Irish activist walking 2,200 miles from UK to Palestine – Middle East Monitor


Sixty-five-year-old Irish activist, Mick Bowman, is on a long, arduous walk from Calais to Palestine to raise awareness about the plight of refugees and human rights violations in the Occupied Territories.

As of yesterday, he was in Coublanc, a commune in France and should reach the Swiss border in two weeks. Mick began his 2,200-miles journey from Calais on 16 April last month.

“So, my route will see me go through Switzerland to northern Italy, Albania and Greece to Istanbul, hopefully by mid-October. And then I’ll need to fly to Amman in Jordan, from where I’ll be walking to the West Bank,” he said.

Inspired by the book Walking to Jerusalem: Blisters, hope and other facts on the ground by Justin Butcher, his trek follows the Via Francigena (“the way through France”), Europe’s oldest cultural and trade route, as well as an ancient Christian pilgrimage route.

The book tells the story of a pilgrimage from London to Jerusalem in 2017, which marked three major anniversaries: the centenary of the Balfour Declaration; the 50th year of Israel’s military Occupation of the Palestinian Territories and the tenth year of the blockade of Gaza.

“In 2017, to commemorate the 100th anniversary of the Balfour Declaration, they undertook this walk from Canterbury all the way through to Jerusalem in Palestine and that’s what sparked my interest to do the same,” explained Mick.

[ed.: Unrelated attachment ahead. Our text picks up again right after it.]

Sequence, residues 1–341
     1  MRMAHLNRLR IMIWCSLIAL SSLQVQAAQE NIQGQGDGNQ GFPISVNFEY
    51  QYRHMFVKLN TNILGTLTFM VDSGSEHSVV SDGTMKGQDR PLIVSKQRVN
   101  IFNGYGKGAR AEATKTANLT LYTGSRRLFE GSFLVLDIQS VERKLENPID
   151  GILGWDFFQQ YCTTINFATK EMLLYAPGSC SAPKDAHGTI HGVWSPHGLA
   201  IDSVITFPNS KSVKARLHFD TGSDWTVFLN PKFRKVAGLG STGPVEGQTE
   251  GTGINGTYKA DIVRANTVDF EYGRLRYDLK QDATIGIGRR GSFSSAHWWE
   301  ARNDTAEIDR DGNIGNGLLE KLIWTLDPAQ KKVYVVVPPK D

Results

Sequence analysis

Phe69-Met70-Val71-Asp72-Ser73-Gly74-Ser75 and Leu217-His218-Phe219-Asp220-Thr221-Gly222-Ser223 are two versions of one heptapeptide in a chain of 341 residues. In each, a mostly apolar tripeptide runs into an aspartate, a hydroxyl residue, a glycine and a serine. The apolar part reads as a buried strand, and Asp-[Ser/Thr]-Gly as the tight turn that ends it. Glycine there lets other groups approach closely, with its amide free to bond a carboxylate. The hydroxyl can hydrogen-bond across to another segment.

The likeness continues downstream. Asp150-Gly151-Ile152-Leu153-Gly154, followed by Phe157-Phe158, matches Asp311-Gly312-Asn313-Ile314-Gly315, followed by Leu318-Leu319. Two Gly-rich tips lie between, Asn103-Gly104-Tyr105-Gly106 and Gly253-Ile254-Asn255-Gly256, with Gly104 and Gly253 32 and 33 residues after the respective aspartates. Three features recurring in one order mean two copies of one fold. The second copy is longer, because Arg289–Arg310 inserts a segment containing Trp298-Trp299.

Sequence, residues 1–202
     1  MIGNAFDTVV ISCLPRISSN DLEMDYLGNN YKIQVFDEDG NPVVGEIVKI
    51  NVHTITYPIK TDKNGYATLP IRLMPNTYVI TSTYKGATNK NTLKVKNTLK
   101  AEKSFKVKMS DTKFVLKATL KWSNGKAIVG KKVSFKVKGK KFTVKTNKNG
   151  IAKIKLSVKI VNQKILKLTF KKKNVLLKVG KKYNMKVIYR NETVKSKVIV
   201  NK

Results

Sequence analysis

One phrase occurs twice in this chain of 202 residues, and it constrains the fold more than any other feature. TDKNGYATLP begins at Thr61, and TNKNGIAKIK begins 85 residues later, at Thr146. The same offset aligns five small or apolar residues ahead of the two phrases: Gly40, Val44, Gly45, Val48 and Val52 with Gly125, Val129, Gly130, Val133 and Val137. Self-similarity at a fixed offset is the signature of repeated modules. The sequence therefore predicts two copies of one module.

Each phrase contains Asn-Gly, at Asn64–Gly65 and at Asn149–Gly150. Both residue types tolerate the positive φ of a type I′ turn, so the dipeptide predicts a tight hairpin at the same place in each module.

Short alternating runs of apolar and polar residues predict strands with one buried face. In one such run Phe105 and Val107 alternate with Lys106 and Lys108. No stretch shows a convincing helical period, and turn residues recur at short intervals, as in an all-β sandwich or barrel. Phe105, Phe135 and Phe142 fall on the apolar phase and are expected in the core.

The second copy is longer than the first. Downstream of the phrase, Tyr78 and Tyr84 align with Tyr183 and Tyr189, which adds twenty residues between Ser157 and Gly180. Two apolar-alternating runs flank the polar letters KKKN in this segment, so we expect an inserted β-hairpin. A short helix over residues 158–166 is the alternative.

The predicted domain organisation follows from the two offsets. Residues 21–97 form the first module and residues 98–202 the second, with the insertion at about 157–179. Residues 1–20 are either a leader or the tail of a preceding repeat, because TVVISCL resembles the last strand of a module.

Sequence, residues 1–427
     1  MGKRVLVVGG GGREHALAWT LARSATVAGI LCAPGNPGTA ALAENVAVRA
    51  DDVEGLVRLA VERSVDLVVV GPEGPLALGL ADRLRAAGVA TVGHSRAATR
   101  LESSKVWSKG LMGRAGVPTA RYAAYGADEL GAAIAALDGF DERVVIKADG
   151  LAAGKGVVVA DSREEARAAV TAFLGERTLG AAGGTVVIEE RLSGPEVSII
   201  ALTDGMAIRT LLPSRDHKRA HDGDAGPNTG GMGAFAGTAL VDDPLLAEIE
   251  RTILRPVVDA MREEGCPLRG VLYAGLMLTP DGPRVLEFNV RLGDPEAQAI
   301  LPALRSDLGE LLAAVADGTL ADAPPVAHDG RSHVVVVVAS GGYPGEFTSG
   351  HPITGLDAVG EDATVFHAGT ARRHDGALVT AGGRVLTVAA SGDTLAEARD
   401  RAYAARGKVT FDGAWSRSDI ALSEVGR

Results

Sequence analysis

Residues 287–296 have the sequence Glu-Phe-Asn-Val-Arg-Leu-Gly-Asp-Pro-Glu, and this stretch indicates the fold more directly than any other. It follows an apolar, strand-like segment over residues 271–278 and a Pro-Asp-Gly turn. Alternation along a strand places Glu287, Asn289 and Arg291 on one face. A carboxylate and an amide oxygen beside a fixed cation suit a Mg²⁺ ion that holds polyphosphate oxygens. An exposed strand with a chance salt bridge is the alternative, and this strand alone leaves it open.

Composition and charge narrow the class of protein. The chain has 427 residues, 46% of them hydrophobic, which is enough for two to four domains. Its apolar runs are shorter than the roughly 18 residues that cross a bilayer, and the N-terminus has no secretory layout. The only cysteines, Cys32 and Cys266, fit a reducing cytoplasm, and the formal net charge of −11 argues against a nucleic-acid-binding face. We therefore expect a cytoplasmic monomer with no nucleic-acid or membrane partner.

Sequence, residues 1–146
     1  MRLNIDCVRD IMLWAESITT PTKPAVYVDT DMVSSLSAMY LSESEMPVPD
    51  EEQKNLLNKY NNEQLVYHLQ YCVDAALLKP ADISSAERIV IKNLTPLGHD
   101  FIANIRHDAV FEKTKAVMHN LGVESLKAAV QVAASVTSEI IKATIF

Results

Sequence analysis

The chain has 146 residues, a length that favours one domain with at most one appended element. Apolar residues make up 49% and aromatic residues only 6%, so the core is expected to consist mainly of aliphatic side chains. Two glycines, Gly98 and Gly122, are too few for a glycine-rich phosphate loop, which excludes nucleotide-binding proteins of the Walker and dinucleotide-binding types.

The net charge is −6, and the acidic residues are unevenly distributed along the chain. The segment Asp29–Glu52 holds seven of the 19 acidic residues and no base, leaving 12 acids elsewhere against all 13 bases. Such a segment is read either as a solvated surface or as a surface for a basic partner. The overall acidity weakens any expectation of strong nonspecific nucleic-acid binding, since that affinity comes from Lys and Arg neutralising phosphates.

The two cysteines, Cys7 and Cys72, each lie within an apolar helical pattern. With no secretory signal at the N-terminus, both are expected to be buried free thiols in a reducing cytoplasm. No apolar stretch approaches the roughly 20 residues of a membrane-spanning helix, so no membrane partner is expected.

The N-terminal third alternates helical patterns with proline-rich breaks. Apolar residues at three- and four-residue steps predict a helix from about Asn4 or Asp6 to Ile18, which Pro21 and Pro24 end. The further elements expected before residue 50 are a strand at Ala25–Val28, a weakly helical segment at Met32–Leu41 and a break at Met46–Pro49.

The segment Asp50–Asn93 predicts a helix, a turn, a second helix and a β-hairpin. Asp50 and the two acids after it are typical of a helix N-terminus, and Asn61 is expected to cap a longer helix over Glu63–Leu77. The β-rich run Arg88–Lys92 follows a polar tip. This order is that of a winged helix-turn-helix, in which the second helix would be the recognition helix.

“I’ve always been active in the Palestinian cause since I was a young man with the Newcastle Palestine Solidarity Campaign (NPSC), hosting stalls and arranging Palestinian speakers. I’ve also been in Palestine a couple of times, but I found this was another effective way of expressing my activism.”

Each day is a new adventure, said Mick. Some nights consist of him wild camping in his tent during heavy rain, while other days he gets to enjoy some rest and a warm meal at a cheap accommodation.

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The most gratifying part of the journey, said Mick, are the conversations he engages in with the locals and pilgrims he encounters along the way, enlightening them about the Palestinian tragedy and drawing attention to Israel’s repeated attacks and assaults against innocent Palestinians.

“Due to the route I’m taking, I’m meeting a lot of pilgrims who get curious when I tell them I’m embarking on this trip in solidarity with Palestine. Not only do they get really interested, but they also have a deeper understanding of the importance of physically taking the time out of the normal daily life to such journeys,” explained Mick.

While on the move, the 65-year-old human rights activist carries the Palestinian flag on his back, which he also hangs as a banner on his tent on the nights he wild camps.

Although tiring, Mick emphasises the importance of encouraging conversations and discussions on what is happening in Palestine to debunk the false idea that the situation is ‘complicated’ or too complex to talk about.

He said, “Framing it as a complex issue which is difficult to resolve is certainly the narrative that the media and the government take is used as a pretext for inaction or colluding with the status quo. It reminds me how people used to say the same thing about the Northern Ireland situation and to a degree, even South Africa, but it’s a tactic reflecting a lack of political will to resolve the situation.”